2 edition of Carbon exchange in western Siberian watershed mires and implication for the greenhouse effect found in the catalog.
Carbon exchange in western Siberian watershed mires and implication for the greenhouse effect
|Series||Netherlands geographical studies -- 355,|
|The Physical Object|
|Pagination||125 p. :|
|Number of Pages||125|
As is now generally accepted mankind’s burning of fossil fuels has resulted in the mass transfer of greenhouse gases to the atmosphere, a modification of the delicately-balanced global carbon cycle, and a measurable change in world-wide temperatures and climate. Although not the most powerful. Research (not-for-profit) into greenhouse gas fluxes and carbon sequestration by non-tidal wetlands. The purpose of this work is to try and find .
Projected Future Carbon Storage and. Greenhouse-Gas Fluxes of Terrestrial Ecosystems in the Western United States. By Shuguang Liu, Yiping Wu, Claudia J. Young, Devendra Dahal, Jeremy M. Werner, Jinxun Liu, Zhengpeng Li, Zhengxi Tan, Gail L. Schmidt, Jennifer Oeding, Terry L. Sohl, Todd J. Hawbaker, and Benjamin M. Sleeter Chapter 9 of. Nitrogen as an ecological factor: the 22nd symposium of the British Ecological Society, Oxford / edited by J.A. Lee, S. McNeill, and I.H. Rorison. Format Book.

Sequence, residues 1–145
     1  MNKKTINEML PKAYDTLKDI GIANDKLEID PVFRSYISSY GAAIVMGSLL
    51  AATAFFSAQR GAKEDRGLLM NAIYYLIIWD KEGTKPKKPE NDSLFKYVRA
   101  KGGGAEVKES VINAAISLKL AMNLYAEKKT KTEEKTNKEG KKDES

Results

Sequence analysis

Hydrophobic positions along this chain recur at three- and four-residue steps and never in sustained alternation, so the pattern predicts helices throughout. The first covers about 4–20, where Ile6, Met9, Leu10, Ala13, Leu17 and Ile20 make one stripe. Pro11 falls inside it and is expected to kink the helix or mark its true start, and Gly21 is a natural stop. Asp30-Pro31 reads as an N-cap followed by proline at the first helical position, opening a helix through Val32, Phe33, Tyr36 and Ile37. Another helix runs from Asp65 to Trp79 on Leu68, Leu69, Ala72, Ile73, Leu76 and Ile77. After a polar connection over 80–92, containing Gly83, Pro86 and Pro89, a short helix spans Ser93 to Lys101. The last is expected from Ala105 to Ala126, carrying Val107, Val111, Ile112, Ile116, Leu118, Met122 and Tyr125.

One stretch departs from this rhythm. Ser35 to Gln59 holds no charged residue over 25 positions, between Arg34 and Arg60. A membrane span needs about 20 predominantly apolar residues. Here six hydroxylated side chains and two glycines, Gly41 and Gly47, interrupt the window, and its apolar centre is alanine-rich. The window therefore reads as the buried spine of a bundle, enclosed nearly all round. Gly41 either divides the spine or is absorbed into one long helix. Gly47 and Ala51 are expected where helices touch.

Soil CO 2 emissions at latitudes near 70°N in northeastern Siberia have been measured and occur at levels high enough to account for the observed winter maximum in atmospheric CO 2 concentrations in this latitude. This CO 2 is produced by biological activity at the bottom of the active layer above the permafrost. Ecological and anthropological factors may play a role in stimulating this CO 2 Cited by: Effect of forestry drainage on the carbon balance and radiative forcing of peatlands in Finland. Department of Forest Ecology, University of Helsinki. 42 pp. ISBN Laiho, R. Plant biomass dynamics in drained pine mires in southern Finland: Implications for carbon .
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Peatland carbon cycle with carbon pools and carbon fluxes. 90 Mean annual temperature vs. latitude of weather stations in Western Siberia. 94 Radiative forcing and greenhouse contribution of all Western Siberian mires for the ‘no change’, ‘wet’, ‘dry’ and ‘half zone’ scenarios.
The vast watershed mires of Western Siberia formed a significant sink of carbon during the Holocene. Because of their large area these mires might play an important role in the carbon exchange between terrestrial ecosystems and the : W. Borren. Get this from a library. Carbon exchange in western Siberian watershed mires and implication for the greenhouse effect: a spatial temporal modeling approach.
[Wiebe Borren; Koninklijk Nederlands Aardrijkskundig Genootschap.; Rijksuniversiteit te Utrecht.; Nederlandse Organisatie voor Wetenschappelijk Onderzoek.].